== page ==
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Administrators in Philadelphia turned to the courts last week in an effort to end the bitter teachers' strike that today enters its fourth week. But the threat of a walkout in Boston ended when union members rejected their leaders' recommendation for a strike.

In Philadelphia, picketing teachers harassed administrators as special classes opened for high-school seniors and for the severely handicapped. The schools for seniors opened last Wednesday with 10,400 out of 11,700 seniors showing up, and most of the 400 administrators and other non-striking personnel were there--under protest--to teach them. The Philadelphia Association of School Administrators filed suit last week against the school district, objecting to Superintendent Michael P. Marcase's order that administrators teach at the schools.

Since the strike began, a few dozen teachers have been arrested following scuffles between picketers and administrators trying to enter schools. "It's getting close to goon tactics out there," said a spokesman for the school system.

The school district is seeking two legal remedies against the 22,000-member Philadelphia Federation of Teachers: a back-to-work order and a contempt-of-court citation against the union for blocking school entrances in violation of a court order. As of last Wednesday, no decision had been reached in either case, although four union staff members were cited individually with contempt for blocking school entrance

In Boston, teachers rejected a strike by 1,404 votes to 836. Observers there believe the union members feared that Superintent Robert Spillane would carry out his threat to fire striking teachers. And, the observers say, Boston teachers did not think a strike would accomplish their goals (see related story on page 7).

Honors courses won't be among the victims of budget-cutting in Jefferson Parish, La., where a proposal last week to eliminate the courses brought protesting high-school students to the district's headquarters.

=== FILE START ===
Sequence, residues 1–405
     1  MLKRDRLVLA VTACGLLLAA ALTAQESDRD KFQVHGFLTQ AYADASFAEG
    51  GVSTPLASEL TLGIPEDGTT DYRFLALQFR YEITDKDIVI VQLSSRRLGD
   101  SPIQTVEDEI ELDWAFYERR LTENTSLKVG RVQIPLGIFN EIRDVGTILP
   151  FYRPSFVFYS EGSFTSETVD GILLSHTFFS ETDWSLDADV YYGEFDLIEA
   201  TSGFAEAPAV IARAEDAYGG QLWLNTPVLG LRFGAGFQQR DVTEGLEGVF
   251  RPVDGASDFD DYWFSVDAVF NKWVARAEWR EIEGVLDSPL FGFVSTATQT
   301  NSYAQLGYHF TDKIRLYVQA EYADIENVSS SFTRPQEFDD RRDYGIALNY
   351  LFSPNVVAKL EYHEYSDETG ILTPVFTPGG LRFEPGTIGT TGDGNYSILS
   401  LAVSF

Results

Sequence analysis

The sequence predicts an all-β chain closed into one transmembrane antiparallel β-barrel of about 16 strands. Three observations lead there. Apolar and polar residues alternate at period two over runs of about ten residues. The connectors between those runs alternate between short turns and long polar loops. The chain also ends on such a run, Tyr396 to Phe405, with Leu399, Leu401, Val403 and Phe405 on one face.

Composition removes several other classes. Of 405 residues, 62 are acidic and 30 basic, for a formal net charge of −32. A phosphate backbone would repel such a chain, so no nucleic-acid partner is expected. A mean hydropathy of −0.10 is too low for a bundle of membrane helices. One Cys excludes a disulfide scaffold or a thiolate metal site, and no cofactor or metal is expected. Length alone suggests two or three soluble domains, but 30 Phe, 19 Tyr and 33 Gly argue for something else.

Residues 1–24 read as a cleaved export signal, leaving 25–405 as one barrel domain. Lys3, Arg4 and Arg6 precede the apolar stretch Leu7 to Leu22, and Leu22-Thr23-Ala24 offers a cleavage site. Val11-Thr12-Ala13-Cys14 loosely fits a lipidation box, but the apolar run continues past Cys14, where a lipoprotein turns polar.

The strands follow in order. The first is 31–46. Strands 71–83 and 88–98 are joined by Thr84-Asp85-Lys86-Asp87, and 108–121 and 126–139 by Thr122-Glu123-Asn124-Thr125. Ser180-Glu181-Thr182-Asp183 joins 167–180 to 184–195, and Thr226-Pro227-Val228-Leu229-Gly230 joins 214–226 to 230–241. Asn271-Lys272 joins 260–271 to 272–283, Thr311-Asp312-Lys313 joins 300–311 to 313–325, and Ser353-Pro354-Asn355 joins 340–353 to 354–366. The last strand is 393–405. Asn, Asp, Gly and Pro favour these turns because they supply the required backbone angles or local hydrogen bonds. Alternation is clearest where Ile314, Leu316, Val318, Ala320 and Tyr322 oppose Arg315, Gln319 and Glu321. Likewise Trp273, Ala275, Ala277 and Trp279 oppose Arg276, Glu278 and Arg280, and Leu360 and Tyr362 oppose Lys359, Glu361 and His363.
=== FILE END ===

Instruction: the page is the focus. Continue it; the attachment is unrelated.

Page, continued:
Instead, officials of the suburban New Orleans district have consolidated some honors courses, so that there may be fewer sections of a course in, for example, advanced history. But with some judicious schedule-juggling, students will still be able to take the popular courses.

"No academic subjects will be curtailed," district spokesman Joe M. Miller said. "We're very happy that by reworking things, we were able to reinstate the honors courses." The only subject that will be curtailed significantly, Mr. Miller said, is driver education. But even that will still be offered at all of the high schools.

The debate on "scientific creationism"--expected to go national this fall on television and in the courts--continues apace at the local level.

In Florida's Hillsborough County school district, which voted last spring to test alternate theories of origins, a recent debate between an evolutionist and a creationist attracted 1,500 people to an auditorium designed for 600.

The debate, between Kenneth Miller, assistant professor of biology at Brown University, and Henry Morris, director of the Institute for Creation Research, was held in Tampa's Jefferson High School.

The forum was for "public information, not to decide a winner or loser," said a spokesman for the state education department. The crowd, however, seemed predisposed to favor one side. "Most of them came in church buses," the spokesman noted.

The district is setting up a pilot project in three schools this fall, in which "creation science" will be introduced into the curriculum.

For the first time, intermediate and junior high schools in New York City have security guards this year.

And to promote "a friendlier atmosphere," guards this year are wearing blue blazers and gray slacks instead of the customary uniforms.

The guards were added to intermediate and junior high schools, according to city school officials, because half of the 1,673 assaults in the school system last year occurred in such schools. A new mobile security team also has been established this year to help combat the increasing number of serious disciplinary problems in the system, the nation's largest.

For example, the number of reported cases involving weapons rose to 661 last school year from 457 in 1979-80, said Schools Chancellor Frank J. Macchiarola.

"A sense of security must precede learning," Mr. Macchiarola said in announcing the changes.

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